Last week OPEC+ talks on oil production quotas for member nations stalled and, as a result, oil prices rose. The Biden administration is somewhat concerned about the increase in oil prices and in response to the OPEC+ stalemate, a Biden administration spokesperson stated, “Administration officials have been engaged with relevant capitals to urge a compromise solution that will allow proposed production increases to move forward.” Instead of calling on countries like Russia and Saudi Arabia to increase their oil production through investment and hiring more people, the Biden administration could reverse its anti-energy prices in the United States and oil prices would likely decrease. Our economy might also receive a shot in the from increased production. After all, the U.S. has been the biggest contributor to the decrease in global oil prices over the past 10 years by supplying the oil market with the majority of new oil over the past decade.

From 2010-2019, 81 Percent of the Global Increase in Oil Production Came From the United States

For decades, people have not thought of the United States as an energy superpower. Too many people were stuck in the mindset that the United States could not do anything about oil prices—that we had too little oil reserves to meaningfully impact global prices. This worldview was perfectly encapsulated by President Obama, when he stated in 2012, “we can’t just drill our way to lower gas prices.” But the United States did exactly that.

From 2010 through 2019, global total petroleum (and other liquids) production increased by 12.1 million barrels a day. For the same time period, U.S. total petroleum (and other liquids) production increased by 9.77 million barrels a day. In other words, the United States alone covered 81 percent of the total increase in global oil production over the past 10 years. More supply meant lower energy prices throughout the world, and American households gave a collective sigh of relief from lower gas prices.

In fact, if you include the COVID-19-altered 2020, the increase in U.S. oil production exceeded the global increase from 2010-2020.

It is very likely that Russia and OPEC could have increased their oil production over the past 10 years and further reduced prices, but Russia and OPEC were more interested in maximizing their revenues instead of supplying the market with more oil.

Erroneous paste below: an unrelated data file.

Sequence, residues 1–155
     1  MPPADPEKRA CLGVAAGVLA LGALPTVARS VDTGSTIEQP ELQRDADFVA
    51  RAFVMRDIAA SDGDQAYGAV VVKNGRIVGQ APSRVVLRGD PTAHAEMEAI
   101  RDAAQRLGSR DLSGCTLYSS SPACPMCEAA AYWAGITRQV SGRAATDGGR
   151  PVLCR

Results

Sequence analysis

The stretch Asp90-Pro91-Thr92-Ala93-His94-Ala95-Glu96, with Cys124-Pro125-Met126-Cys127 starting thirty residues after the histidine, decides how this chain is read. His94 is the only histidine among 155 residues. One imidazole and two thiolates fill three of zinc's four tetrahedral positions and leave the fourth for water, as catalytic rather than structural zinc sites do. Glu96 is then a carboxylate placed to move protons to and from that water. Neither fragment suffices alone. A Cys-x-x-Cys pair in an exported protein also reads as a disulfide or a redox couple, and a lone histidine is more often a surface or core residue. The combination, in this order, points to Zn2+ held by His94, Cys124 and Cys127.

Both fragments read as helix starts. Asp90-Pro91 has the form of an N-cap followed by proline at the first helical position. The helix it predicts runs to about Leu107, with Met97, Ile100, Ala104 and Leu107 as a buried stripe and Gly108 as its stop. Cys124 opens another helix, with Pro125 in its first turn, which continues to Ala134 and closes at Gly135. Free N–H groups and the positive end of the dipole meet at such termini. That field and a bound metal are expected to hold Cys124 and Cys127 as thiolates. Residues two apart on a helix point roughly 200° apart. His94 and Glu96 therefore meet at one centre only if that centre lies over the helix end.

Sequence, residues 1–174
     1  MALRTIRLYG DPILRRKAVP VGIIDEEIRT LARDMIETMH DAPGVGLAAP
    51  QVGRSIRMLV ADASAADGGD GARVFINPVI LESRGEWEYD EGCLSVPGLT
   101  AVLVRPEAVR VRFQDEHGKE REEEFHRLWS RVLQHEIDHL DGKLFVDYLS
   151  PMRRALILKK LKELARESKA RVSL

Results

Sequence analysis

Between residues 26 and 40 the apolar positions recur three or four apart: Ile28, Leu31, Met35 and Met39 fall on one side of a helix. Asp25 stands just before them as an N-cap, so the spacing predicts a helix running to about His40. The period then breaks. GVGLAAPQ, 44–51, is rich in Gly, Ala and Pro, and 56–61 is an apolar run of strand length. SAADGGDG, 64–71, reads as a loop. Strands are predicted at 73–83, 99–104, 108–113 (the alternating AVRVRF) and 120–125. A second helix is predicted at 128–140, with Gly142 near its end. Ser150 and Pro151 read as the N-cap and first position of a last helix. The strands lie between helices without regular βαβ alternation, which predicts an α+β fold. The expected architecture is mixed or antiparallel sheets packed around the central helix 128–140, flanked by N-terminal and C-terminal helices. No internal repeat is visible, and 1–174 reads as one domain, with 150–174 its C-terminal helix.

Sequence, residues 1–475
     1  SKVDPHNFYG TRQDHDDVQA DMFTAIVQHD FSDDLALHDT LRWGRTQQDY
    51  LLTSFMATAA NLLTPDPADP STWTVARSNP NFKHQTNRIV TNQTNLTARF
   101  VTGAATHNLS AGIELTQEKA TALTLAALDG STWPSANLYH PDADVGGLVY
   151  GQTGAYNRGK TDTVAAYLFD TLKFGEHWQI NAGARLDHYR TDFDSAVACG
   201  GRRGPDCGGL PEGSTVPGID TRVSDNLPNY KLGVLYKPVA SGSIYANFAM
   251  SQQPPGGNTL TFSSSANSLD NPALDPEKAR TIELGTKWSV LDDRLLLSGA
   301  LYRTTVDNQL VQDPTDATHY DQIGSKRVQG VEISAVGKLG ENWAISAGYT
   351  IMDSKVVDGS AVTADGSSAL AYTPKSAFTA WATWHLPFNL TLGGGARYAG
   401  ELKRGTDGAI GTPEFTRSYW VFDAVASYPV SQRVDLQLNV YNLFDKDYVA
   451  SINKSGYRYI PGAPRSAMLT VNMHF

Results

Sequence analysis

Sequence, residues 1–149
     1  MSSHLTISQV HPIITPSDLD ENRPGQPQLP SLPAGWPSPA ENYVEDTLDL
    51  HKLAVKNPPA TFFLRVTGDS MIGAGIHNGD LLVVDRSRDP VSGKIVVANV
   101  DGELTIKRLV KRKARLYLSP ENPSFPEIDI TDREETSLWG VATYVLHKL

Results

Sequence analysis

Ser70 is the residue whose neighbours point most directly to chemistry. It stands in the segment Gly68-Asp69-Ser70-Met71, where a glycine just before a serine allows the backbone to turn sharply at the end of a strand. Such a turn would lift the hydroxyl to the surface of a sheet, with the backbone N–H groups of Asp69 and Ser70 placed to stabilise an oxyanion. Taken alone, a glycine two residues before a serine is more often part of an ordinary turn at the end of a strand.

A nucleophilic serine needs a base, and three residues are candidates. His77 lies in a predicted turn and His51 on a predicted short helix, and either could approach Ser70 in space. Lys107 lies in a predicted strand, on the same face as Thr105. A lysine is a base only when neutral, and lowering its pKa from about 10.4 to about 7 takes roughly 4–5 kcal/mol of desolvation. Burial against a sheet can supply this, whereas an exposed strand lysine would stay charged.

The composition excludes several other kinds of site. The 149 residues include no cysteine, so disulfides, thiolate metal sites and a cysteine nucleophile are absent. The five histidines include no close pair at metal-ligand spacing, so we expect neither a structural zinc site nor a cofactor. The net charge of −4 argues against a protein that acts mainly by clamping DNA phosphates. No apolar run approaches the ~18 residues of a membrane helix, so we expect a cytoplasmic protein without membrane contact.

U.S. Oil Production Has Helped Keep Oil Prices in Check

The impact of all of this oil production from the United States led to downward pressure on oil prices over the past 10 years. In the oil price chart below you can see what looked to be a long-term run up in the price of oil after the 1990s stalled in the early 2010s and then decreased by more than 50 percent. A greater supply of oil, the majority of which came from the United States, is a key reason for this price decrease.

IER has as long noted how U.S. oil production has helped keep oil prices in check. For example, in 2014 we explained how U.S. oil production growth more than offset unplanned disruptions to the world’s oil supply and in 2008, we explained how ending bans on offshore drilling led to immediate price relief.  Market signals about probable government actions also drive prices sooner than the actions’ actual effect.

The United States is playing a larger role in global oil production as a result of the increase in production. This chart shows the percentage of global oil production that is produced by the United States. In 2020, the United States produced almost 25 percent of the global total.


President Biden Could Reduce Oil Prices by Ending His Anti-Energy Policies

As has been amply demonstrated over the past decade, we can drill our way to lower gas prices. We did it. But while the Biden Administration would like to see oil production increases in OPEC+ countries, they are taking action after action to hamstring domestic (and Canadian) oil production. As a result of policies such as canceling President Biden is signaling to oil markets that it will be harder for the U.S. to produce oil in the future. It’s no wonder oil prices recently hit the highest level in nearly 7 years.

If President Biden wanted to see lower oil prices, he would reverse course on his anti-energy policies. But the reality is that high oil prices would help the electric vehicle market and “nudging” more drivers into EVs is a key policy objective of the Administration.

We can expect to see additional policies from the Administration that will drive up prices at the pump while at the same time the Administration asks other countries like Russia and Saudi Arabia to produce more oil. After all, President Biden promised it during the campaign.

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